Thursday, May 29, 2008


I wonder if they should even bother with a runoff election in Zimbabwe with Mugabe's wife saying things like in the story below!

SHAMVA, Zimbabwe (AFP) — President Robert Mugabe will never vacate his office for opposition leader Morgan Tsvangirai even if he loses a run-off election next month, the Zimbabwean leader's wife said Thursday.

Grace Mugabe told followers of her husband's ZANU-PF party that Tsvangirai's Movement for Democratic Change (MDC) would not be allowed to take power under any circumstances.

"Even if people vote for the MDC, Morgan Tsvangirai will never step foot inside State House," she said after meeting victims of political violence that has rocked Zimbabwe since the first round of voting on March 29.

"He will only get to hear about what it looks like inside State House from people who have been there. Even if Baba (Mugabe) loses, he will only leave State House to make way for someone from ZANU-PF."


Tuesday, May 27, 2008

Xenophobic attacks rock Johannesburg

In the first major violence in South Africa since apartheid, there were attacks in Johannesburg against foreign immigrants this weekend. The attacks mainly targeted Zimbabwean immigrants. The violence which began last week has already left more than 20 people dead, and have driven 30,000 people out of their makeshift homes.

There are about 3-5 million immigrants to South Africa. Amid rising inflation and unemployment in South Africa, foreigners are being targeted because they are, it is said, taking South African jobs. Many Zimbabweans have left the country and fled to South Africa due to the instable political climate in Zimbabwe and are now facing attacks from South Africans themselves.

With attention at the moment being turned to the China olympics and the possible boycotts that may rock the olympics, it will be interesting to see whether attention will soon be turned to South Africa which is supposed to host the 2010 Soccer World Cup.

Below is a video from SkyNews detailing the violence in South Africa

Thursday, May 22, 2008

Zimbabwe inflation now over 1 million percent

Mutare, 1993. My parents bought the house they live in today for Z$180 000.

Today, a small pack of locally produced coffee beans cost just short of 1 billion Zimbabwe dollars. Zimbabwe's inflation has soared to 1,063,572% according to independent financial analysts in Zimbabwe. A loaf of bread costs today, what 12 new cars cost a decade ago. The last official figure given by the government was 165,000% back in February. They have claimed that it is too expensive for them to calculate the inflation figures anymore. Companies have been complaining of high absenteeism rates due to the high costs of transport that employees must pay to get to work. In the March 29 election, many voters said that the economy was a top issue for them. It will be interesting to see how the results will turn out in the second round of voting which is set for June 27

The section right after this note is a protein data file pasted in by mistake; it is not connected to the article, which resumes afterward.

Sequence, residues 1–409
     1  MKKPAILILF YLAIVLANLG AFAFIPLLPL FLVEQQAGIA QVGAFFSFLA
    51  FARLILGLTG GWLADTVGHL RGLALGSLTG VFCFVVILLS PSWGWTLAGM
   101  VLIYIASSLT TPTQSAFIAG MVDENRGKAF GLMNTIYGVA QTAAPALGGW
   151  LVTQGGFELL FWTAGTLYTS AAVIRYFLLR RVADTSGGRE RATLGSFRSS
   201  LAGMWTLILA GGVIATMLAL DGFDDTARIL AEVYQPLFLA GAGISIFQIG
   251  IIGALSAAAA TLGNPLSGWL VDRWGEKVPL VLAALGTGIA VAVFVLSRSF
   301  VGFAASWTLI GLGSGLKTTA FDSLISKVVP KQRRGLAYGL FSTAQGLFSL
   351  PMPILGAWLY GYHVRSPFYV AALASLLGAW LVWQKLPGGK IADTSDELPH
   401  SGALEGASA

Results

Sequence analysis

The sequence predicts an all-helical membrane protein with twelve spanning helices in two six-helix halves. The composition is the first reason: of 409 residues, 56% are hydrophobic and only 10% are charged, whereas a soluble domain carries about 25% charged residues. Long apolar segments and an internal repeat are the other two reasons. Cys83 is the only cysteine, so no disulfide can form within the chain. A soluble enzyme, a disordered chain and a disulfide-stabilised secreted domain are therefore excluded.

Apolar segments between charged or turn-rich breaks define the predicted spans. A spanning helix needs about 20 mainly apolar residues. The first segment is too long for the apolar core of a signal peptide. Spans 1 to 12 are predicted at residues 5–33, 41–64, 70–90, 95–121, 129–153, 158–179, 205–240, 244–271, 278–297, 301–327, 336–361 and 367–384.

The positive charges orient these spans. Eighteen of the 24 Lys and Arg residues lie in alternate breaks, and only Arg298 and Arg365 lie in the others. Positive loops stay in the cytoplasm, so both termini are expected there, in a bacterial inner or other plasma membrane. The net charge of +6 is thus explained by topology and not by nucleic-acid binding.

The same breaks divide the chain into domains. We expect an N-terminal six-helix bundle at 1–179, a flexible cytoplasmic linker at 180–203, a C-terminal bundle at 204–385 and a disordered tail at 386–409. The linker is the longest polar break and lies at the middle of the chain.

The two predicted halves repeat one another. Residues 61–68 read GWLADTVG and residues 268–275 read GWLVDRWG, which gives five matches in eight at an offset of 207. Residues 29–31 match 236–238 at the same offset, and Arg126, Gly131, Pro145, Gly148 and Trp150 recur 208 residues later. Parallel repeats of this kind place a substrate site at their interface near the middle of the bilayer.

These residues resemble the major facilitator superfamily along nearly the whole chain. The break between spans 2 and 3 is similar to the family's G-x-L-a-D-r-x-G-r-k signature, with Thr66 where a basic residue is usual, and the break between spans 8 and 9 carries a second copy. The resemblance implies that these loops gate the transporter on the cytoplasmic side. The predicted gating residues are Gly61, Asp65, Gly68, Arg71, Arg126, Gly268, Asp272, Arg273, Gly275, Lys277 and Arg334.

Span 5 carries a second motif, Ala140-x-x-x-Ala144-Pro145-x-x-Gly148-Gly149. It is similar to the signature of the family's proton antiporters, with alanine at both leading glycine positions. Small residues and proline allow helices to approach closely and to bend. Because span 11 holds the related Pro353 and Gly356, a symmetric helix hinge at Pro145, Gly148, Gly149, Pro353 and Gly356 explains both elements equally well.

Wednesday, May 07, 2008

A New AIDS in Zimbabwe

According to the UN in Zimbabwe "More than 4,000,000 Zimbabweans are currently dependent on humanitarian services, directly or indirectly, including in the form of remittances for the diaspora to help address basic needs such as food, healthcare, etc. Keeping their sense of humor, Zimbabweans see themselves as victims of many AIDS, such as the Acquired Industrial Decline Syndrome or the most vicious Acquired Inflation Disease Syndrome."

Monday, May 05, 2008

Zimbabwe run off could face delay of up to one year

From combined sources- The Guardian (UK), LA Times

Zimbabwe's second round of voting could, the ruling party has stated, be held in one year. Election officials will meet in the coming weeks to decide a date for the run off election. The law requires the second round to be held within three weeks of the original election, but the commission has the power to extend the period between the elections.

In the first round, as shown in the post below, Mugabe won 43.2% of the vote compared to 47.9% of the opposition candidate Morgan Tsvangirai. A third candidate, Simba Makoni, won 8.3% of the vote. Makoni would subsequently drop out of the 2nd round of voting. The delay in the announcement has sparked the opposition to claim that the government manipulated the results of the first round as their figures showed Tsvangirai won 50.3% of the vote.

Thursday, May 01, 2008

Zimbabwe Presidential Election Held March 29th

From The Times (UK), 1 May, 2008

Leaked poll results show that Mugabe lost – but will fight second round

Catherine Philp in Harare

Senior government officials in Zimbabwe leaked results yesterday for last month’s presidential elections, which apparently hand victory to the main opposition leader – but not by enough votes to win outright. The news sets the scene for a bruising election run-off. According to the officials, Morgan Tsvangirai won 47 per cent of the vote against President Mugabe’s 43 per cent. He needed more than 50 per cent to avoid a second round. Mr Tsvangirai, leader of the Movement for Democratic Change (MDC), claimed to have won 50.3 per cent of the vote based on results published at polling stations, but a month later the official tally has still not been released, prompting accusations of vote rigging against the Government. The figures leaked yesterday – a day before the candidates’ agents were due to begin verifying results – suggest that the margin of Mr Tsvangirai’s victory was too large for the Government to overturn credibly.